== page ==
Brand experts love to tell us that we should aim to get people to “love” our brand. Indeed, they point out that brands like Apple or Coca-Cola are adored so much that the fans simply “love” them. The legions of people standing outside an Apple Store the night before a new iPhone is launched seems testament to this. As does the notion that Coke fans believe they can tell the difference between their brand and a competing drink such as Pepsi.
Research, however, shows different. In blind taste tests, Coca-Cola “lovers” cannot spot their adored brand as easily as they think they can. Furthermore, many of the people queuing for the latest iPhone are not users of the Apple product; instead they stand there in line as a service to the iPhone user who so “loves” their brand they cannot be bothered to queue up themselves.
A new study looked at brand “love” in a novel way. The researchers from Germany tested the physical reactions of people to exposure to the brands they “loved” and compared the findings to seeing images of their romantic partners. It is well-known, for instance, that when you see a picture of your loved ones your heart beats a little faster, your body warms up a little, and you produce slightly more sweat.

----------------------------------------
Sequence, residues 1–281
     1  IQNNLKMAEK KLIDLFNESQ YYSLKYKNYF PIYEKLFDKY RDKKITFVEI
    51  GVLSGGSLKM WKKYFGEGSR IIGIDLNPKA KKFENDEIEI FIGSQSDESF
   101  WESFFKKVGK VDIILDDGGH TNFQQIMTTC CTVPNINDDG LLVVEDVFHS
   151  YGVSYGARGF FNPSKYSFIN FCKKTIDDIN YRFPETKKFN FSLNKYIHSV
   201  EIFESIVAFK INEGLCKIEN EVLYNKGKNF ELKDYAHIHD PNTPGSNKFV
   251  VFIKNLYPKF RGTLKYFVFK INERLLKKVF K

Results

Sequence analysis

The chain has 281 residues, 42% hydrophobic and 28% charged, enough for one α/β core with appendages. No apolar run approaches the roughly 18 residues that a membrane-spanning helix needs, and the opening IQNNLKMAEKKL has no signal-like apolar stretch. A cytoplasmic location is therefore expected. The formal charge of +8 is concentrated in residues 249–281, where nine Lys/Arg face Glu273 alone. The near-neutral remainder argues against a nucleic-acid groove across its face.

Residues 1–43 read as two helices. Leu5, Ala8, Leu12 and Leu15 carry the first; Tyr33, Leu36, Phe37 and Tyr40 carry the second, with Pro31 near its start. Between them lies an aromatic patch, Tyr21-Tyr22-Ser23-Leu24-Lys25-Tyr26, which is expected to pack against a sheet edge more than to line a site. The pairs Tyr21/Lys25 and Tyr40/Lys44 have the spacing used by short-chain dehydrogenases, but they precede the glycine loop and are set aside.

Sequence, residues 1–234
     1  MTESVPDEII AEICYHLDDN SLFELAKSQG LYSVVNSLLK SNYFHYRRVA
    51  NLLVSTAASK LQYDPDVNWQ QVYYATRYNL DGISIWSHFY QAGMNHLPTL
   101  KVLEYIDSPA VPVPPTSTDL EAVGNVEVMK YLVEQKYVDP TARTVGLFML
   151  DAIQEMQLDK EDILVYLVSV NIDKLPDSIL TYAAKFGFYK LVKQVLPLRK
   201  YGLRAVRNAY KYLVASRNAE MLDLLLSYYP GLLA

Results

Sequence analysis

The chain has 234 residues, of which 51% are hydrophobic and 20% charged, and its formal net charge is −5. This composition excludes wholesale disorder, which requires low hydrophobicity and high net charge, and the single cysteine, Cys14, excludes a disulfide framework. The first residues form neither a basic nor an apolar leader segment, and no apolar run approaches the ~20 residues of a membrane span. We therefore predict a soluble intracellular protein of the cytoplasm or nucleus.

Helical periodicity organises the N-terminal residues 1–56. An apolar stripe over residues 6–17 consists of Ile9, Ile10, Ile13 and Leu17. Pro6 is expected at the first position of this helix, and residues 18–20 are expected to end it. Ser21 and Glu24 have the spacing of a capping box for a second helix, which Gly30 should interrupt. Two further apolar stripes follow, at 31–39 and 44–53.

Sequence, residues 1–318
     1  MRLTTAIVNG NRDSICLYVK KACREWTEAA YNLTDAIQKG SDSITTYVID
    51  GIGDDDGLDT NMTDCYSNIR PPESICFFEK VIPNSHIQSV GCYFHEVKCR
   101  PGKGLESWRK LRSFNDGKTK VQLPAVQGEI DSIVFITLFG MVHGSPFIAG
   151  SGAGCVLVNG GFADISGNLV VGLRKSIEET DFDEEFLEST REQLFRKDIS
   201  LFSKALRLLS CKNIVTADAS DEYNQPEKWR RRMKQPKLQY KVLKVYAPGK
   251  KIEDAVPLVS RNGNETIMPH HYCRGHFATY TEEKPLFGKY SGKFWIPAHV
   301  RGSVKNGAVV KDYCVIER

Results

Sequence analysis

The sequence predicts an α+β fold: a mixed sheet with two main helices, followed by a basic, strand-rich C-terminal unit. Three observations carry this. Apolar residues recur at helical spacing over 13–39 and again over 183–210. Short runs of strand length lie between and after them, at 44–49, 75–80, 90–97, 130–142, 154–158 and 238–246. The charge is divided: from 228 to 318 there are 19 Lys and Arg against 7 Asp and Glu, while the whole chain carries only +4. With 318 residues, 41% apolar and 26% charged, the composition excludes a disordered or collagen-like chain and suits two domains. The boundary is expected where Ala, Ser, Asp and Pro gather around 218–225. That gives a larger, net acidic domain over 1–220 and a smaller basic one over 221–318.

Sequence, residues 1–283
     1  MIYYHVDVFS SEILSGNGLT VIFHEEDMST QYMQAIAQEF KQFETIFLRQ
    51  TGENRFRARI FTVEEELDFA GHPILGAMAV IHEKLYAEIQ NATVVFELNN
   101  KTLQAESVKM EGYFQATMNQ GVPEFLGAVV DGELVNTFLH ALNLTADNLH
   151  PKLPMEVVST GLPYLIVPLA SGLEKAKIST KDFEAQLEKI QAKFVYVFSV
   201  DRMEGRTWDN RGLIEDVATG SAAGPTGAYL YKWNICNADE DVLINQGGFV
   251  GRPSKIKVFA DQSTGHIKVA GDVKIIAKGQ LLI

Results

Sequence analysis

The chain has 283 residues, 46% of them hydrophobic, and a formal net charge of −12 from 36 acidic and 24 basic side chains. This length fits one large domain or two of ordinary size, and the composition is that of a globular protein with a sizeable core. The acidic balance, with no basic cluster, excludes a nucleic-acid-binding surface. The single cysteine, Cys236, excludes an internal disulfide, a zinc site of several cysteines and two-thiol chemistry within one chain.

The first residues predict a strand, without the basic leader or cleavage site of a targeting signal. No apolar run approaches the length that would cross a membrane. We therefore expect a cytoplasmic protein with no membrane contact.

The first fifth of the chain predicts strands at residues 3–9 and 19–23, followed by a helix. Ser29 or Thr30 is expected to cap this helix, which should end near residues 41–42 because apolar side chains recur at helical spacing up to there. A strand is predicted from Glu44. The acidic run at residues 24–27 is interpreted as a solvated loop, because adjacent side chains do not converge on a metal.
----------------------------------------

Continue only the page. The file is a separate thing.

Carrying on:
The volunteers in this study did indeed show such expected reactions when they saw images of their romantic partners. But these physical effects were not demonstrated when the participants were shown images of the brands they declared their “love” for. The reactions to favoured brands were equivalent to seeing images of friends only.
The study also found that the reasons we “love” a brand are based on rational decisions, like an assessment of quality. Such rational decisions are absent in real “love” between romantic partners. This further emphasises the fact that people do not “love” brands after all.
What does this mean for your business? It suggests you are wasting your time trying to get people to love your brand. Instead, get them to focus on those rational attributes such as quality. Tell them all about those things, rather than trying to woo them. Customers cannot be wooed it seems.
Graham Jones is an Internet Psychologist who studies the way people use the online world, in particular how people engage with businesses. He uses this knowledge to help companies improve their online connections to their customers and potential customers and offers consultancy, workshops, masterclasses and webinars. He also speaks regularly at conferences and business events. Graham is an award-winning writer and the author of 32 books, several of which are about various aspects of the Internet. For more information connect with me on Google+